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Polyamine-dependent growth and calmodulin-regulated induction of ornithine decarboxylase.
D D Ginty; E R Seidel (Profiled Author: David Ginty)
Department of Physiology, School of Medicine, East Carolina University, Greenville, North Carolina 27858.
The American journal of physiology 1989;256(2 Pt 1):G342-8.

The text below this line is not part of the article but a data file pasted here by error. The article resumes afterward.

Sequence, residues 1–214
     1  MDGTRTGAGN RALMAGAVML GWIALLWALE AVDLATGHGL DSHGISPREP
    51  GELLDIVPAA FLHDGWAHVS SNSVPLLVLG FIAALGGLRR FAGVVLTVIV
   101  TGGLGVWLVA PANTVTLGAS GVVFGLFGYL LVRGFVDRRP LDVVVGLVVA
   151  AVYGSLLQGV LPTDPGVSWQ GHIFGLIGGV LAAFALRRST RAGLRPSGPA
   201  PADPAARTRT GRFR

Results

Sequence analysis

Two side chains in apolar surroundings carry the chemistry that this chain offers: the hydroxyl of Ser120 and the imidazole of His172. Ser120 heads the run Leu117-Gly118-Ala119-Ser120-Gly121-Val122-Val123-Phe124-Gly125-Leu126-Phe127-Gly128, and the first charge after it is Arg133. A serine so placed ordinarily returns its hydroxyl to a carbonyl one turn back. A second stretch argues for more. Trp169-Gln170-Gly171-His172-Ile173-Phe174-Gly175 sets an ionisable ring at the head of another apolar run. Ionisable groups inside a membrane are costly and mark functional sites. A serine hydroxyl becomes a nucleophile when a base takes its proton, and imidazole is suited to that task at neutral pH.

The proliferation of cultured gastrointestinal crypt epithelial cells (IEC-6) and the role of calcium in polyamine biosynthesis were examined after serum stimulation of quiescent cells. Ornithine decarboxylase (ODC) activity was high when cells grew in 5% fetal calf serum (FCS) and dropped to nearly nondetectable levels when cells reached contact inhibition of growth. Polyamines appeared to be necessary for the proliferation of these cells, as growth was completely inhibited by the addition of 5 mM difluoromethylornithine, a specific inhibitor of ODC, to the media. This effect was reversed by 10 microM putrescine. Serum deprivation of preconfluent cells resulted in a fall in ODC activity. Readdition of serum led to an increase in ODC activity, which peaked at 4 h after addition and preceded both putrescine accumulation and [3H]thymidine incorporation into acid-precipitable material. Furthermore, readdition of serum to serum-deprived cells resulted in an approximately twofold increase in the level of free, ionized, intracellular Ca2+ as measured spectrophotometrically by monitoring fura-2 fluorescence. Inhibition of calmodulin-mediated processes with N-(6-aminohexyl)-5-chloro-1-naphthalelesulfonamide (W-7), a calmodulin antagonist, inhibited the serum-stimulated induction of ODC in a dose-dependent manner, with an IC50 of approximately 10 microM. Similar results were obtained with trifluoperazine. Lastly, 30 microM W-7 completely inhibited serum-stimulated [3H]thymidine incorporation into acid-precipitable material. These data demonstrate that polyamine biosynthesis and subsequent DNA synthesis after serum refeeding of cells is regulated by a Ca2+ activated, calmodulin-dependent process. Furthermore, the production of polyamines is essential for normal proliferation of these epithelial cells in culture.
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